Seniors: First Thing in the Morning

Jul 6th, 2011 | By Dr Jerry D Elrod | Category: Senior Moments Blog

Getting started everyday brings with it its own challenges, demands and the necessity for routine.  Having a predictable routine which starts first thing in the morning is one way to keep your body, psyche, spirit, organs, and general disposition in a good place.  All of this involves coming up with a pattern that works for you.  It will include exercise of some and various kinds, a chance at calming your person through some kind of serene meditation, mine is writing.  a chance to cleanse your body and to energize your systems with vitamins and a regimen of medications which address certain medical needs, and it will mean opening your day with a smile, laughter, pleasant comments to your spouse or partner, if any.

Lacking these basics, you may be setting your day up for depression, distress, physical challenges, and a down attitude.  Consciously making an effort to put yourself in a good place as you start your day will likely mean that your day will be good, productive, and pleasant.  Intentionality is a requisite in attitude cleansing, body engineering, soul inspiring every day.  It doesn’t come automatically.  It needs nurture, reminders, encouragement, nudges, and whispers.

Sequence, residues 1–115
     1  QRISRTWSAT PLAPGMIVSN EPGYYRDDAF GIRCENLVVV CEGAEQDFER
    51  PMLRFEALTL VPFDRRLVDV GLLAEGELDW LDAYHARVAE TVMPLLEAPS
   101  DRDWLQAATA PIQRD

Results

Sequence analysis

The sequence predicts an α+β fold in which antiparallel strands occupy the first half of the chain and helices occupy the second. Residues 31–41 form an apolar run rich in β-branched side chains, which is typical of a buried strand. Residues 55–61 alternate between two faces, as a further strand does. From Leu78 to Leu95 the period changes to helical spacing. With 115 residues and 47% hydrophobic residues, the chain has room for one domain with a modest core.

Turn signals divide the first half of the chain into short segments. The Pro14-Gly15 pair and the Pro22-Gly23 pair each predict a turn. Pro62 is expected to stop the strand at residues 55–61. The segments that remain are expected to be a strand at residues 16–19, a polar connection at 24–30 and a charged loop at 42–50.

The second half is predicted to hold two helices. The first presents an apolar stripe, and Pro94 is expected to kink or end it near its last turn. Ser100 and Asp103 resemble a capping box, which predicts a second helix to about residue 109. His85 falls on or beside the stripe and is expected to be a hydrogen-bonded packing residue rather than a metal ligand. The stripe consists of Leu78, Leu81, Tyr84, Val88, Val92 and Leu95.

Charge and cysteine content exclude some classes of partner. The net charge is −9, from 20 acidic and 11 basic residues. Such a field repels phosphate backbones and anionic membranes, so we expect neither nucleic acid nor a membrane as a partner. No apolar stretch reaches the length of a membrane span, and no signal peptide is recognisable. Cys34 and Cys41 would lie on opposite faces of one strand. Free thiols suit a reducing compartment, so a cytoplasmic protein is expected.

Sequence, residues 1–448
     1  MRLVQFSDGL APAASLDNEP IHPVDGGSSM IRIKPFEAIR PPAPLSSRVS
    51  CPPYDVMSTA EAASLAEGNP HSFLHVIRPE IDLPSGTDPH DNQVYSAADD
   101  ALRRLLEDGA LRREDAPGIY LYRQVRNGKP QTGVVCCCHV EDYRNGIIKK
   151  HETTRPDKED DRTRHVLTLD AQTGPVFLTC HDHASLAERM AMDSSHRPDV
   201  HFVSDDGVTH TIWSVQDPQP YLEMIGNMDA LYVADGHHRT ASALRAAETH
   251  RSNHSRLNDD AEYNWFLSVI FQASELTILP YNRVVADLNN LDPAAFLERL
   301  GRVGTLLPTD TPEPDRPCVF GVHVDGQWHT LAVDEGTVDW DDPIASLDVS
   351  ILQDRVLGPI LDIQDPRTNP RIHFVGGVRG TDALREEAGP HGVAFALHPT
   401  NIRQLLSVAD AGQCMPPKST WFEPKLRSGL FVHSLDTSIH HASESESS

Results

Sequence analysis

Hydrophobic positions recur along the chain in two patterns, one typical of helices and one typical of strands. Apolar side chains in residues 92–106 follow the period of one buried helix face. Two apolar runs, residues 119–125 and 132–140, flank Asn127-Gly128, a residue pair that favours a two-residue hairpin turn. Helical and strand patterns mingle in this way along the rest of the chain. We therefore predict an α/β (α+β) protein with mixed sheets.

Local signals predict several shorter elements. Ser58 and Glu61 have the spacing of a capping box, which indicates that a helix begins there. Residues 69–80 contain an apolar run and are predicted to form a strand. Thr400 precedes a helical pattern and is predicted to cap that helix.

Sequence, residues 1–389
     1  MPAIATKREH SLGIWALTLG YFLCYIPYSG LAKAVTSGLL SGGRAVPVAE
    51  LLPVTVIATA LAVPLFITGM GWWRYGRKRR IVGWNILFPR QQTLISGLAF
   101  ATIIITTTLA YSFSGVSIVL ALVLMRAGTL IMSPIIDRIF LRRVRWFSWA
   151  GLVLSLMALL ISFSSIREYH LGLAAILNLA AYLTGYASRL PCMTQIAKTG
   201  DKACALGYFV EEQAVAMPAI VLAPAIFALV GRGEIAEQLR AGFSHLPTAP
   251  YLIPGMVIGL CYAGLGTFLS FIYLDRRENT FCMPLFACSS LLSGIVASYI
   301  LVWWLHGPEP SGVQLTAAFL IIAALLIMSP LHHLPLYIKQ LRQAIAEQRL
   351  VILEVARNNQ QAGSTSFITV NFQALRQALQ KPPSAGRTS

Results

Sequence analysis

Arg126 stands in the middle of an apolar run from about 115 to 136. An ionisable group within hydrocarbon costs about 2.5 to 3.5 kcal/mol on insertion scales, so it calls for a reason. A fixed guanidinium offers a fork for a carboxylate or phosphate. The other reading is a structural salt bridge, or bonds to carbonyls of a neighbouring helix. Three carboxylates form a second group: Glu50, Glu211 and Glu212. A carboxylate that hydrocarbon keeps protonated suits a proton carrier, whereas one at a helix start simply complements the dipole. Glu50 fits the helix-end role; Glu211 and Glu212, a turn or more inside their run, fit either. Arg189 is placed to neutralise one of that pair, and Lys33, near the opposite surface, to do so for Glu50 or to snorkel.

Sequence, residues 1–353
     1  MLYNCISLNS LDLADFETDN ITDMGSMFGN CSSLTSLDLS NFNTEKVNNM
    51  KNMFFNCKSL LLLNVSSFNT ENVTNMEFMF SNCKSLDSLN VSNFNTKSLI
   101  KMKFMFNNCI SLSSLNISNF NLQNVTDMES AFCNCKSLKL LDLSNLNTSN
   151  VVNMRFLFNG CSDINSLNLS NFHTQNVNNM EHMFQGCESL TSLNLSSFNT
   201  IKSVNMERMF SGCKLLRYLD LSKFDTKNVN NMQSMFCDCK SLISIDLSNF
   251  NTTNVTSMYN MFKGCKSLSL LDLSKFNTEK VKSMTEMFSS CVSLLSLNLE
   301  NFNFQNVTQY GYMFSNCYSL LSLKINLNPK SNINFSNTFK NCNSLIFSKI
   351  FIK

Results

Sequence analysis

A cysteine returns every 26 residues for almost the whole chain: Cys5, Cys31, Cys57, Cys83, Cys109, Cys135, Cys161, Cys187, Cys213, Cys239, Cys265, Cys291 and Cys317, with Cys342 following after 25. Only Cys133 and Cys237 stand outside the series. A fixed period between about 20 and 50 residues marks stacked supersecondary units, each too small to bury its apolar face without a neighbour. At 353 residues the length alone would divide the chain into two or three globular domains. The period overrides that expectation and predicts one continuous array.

What’s wrong with talking to yourself, particularly when you are about the task of jump starting your whole being and looking down the track at the race you will run today, with all your equipment in readiness for a big win.  The win is what you get out of the day.  The win is that other people will enjoy being around you.  The win is that you will feel better from start to finish.  By the time bed time comes, you will have invested all your resources that pay dividends for your taking such good care of yourself.

On the days when you feel like putting it off, don’t.  Don’t surrender to the temptations of laziness, of weakness, of “I just don’t feel like it.”  A few days of that and all else will have been for naught. Backsliding means having to climb that mountain again.  Obviously if you become seriously ill or hospitalized or have had surgery, you will be met with challenges to reinstate your behaviors, previously enjoyed.  Physical therapy may be a necessity.  Whatever it takes, do it.  Whatever the challenges, meet them.  Whatever the issues, talk them out to yourself or someone you trust.

Letting go of bad habits is one of our hardest challenges.  Seizing the day to make our lives, our selves better, healthier, happier is what is available to us no matter our age.  Sure, there will be pains and aches and down times.  That is part of what makes the race interesting to run.  Giving up is no way to live life, until your health has become such that there is little life left to keep going.  Even then, it is to one’s credit to have developed a spirit that will meet death with aplomb and adventure.  Leave the ones left, who knew you when you were running the race, envious of the character you became.



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